(Mis)Understanding Others: Three Biases that Affect How We Communicate

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Authored by

NLI Staff
Bias affects the way we communicate, often obscuring our feelings and intentions. Science offers a better way to communicate.

“How should I’ve known? I am not a mind-reader!”

Chances are you’ve both said and heard some version of this many times. Every day, we interact with others and try to understand how they feel, what they want, and what they need while trying to solve a problem, move a project along, or resolve an argument.

We do that while juggling several tasks, facing tight deadlines, and balancing work and life.  Add to that  the compounding stress of an unfolding crisis, and we have a recipe for heightened anxiety,  frequent misunderstandings, and conflict.

Why our communication isn’t perfect

In our interactions with others, we tend to bounce between what we know, what we think others know, and what we think they think they know … only to find out that we were not on the same page at all. We’re quick to assume, and often overestimate the degree to which, others understand our intentions and actions. In a sense, we operate under the illusion of transparency.

We are also quick to assume that everyone else is operating with the same level of understanding and information as us. In a famous study, participants were assigned to one of two groups: “Tappers” —who tapped out with their fingers the melody of a well-known song (e.g. Happy Birthday) without humming or singing the tune—and “Listeners”—who  listened and were asked to guess the song. While the tappers assumed the listeners would guess correctly at least 50% of the time, it turned out that they only guessed 3 out of 120 songs correctly. A  2.5% success rate.

The discrepancy boils down to this: when something is clear in our heads, whether it’s a song or a decision, we have a hard time considering that it might not be clear to others.

To communicate with others more effectively, we need to get better at understanding what they’re feeling and thinking, and what they know. One way to do so  is by perspective-taking and seeking.

What is perspective-taking?

Perspective-taking, also known as “theory of mind” or “mentalizing,” is the cognitive process  of mentally stepping into someone else’s shoes to understand how their perspective explains their behavior. When we understand each other better, we’re better equipped to form the relationships that help us get work done.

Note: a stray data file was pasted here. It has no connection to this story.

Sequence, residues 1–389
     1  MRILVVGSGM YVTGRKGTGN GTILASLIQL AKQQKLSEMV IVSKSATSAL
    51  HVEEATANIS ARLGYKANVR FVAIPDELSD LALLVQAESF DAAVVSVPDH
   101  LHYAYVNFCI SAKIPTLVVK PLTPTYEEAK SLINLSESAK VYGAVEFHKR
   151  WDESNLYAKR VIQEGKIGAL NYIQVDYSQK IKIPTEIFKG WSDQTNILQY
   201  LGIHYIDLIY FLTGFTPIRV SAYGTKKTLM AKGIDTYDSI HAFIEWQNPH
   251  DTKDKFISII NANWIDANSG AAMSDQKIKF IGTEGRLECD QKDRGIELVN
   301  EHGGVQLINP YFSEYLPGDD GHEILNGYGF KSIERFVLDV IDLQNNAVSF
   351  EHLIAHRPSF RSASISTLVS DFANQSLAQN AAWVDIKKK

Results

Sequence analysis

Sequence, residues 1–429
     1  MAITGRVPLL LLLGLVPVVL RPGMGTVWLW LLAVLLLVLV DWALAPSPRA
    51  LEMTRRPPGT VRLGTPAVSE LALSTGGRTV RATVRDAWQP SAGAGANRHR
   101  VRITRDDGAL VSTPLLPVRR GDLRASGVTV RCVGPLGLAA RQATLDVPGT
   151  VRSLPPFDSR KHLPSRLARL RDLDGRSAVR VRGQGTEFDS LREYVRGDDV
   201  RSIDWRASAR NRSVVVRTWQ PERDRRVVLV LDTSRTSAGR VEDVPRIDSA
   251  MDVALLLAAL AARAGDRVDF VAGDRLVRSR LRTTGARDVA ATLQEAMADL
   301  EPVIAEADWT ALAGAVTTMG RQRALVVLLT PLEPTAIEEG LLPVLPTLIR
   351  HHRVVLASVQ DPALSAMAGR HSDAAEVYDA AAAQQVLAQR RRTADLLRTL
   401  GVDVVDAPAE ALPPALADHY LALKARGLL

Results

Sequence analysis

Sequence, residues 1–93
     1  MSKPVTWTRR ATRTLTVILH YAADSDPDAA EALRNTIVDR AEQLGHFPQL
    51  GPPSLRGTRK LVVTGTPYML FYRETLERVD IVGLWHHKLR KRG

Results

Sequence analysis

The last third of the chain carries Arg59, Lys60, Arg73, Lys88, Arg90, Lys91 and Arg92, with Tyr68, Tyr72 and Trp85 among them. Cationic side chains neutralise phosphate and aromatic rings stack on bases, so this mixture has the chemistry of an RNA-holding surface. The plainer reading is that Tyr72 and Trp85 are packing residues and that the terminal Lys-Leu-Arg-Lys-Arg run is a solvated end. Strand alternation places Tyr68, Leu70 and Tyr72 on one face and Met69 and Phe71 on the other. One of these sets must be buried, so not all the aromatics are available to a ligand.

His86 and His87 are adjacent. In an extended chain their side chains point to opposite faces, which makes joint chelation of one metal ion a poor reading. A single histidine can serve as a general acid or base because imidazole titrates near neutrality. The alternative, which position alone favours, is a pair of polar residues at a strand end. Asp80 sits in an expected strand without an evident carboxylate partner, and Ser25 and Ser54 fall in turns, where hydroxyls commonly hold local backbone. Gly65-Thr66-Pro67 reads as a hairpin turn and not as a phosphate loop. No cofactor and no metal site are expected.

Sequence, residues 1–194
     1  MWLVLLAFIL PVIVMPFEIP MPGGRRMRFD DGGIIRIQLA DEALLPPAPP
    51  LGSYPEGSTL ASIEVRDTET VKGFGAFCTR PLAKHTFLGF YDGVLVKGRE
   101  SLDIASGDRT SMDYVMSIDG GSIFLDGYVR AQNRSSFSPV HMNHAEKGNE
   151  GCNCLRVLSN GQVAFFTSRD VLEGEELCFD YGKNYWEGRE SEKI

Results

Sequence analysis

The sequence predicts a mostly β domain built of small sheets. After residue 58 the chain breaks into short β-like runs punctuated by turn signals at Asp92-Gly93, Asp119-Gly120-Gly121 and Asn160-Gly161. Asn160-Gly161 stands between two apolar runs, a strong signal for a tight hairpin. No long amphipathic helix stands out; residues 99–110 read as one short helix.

Why is effective perspective-taking so hard?

There are a few reasons it can be hard to effectively perspective-take: 1) We tend to feel we already have all the information we need, 2) it’s cognitively taxing to imagine another person’s point of view, and 3) often we simply forget to do it.

As a result, we communicate less effectively than we’d like. Partially, because we tend to rely on hard-wired shortcuts called unconscious cognitive biases.  We all take these shortcuts without intention, or much awareness, to make our thinking faster, our decision-making more confident, and our lives easier. Unfortunately, that means we don’t always get the full picture (or perspective).

So, we have to be aware of  the way these shortcuts, or blind spots,  affect the way we interact with others.  Three groups of biases tend to be the biggest culprits: Similarity, Expedience and Experience.

  • Similarity bias affects the way we listen to others, understand their point of view, empathize, or are motivated to help them.
  • Expedience bias saves our mental energy by directing our focus to the most readily available, recallable information which makes us jump to quick conclusions.
  • Experience bias leads us to assume we have an objective representation of reality, resulting in us often failing to recognize that our perception is, in fact, subjective and limited.

Can we get better at perspective-taking?

Fortunately, yes. We can improve our perspective-taking by deliberately pausing to consider the other person’s point of view, and actively seeking their perspective. By doing this, we’re more likely to mitigate the impact biases have on our perception and decision-making.

  • Slow down. To mitigate expediency bias, take time to ensure you’re considering the whole picture.  A deadline may be looming, but it’s worth checking whether you’ve jumped to conclusions.
  • Don’t assume you know the answer. Ask frequently and regularly to ensure  you are indeed on the same page. Confirming your understanding helps you mitigate experience biases.
  • Ask explicitly. The best way to begin to understand someone better is to simply ask them for their perspective, especially those that you aren’t comfortable or familiar with. Asking helps you mitigate similarity biases.

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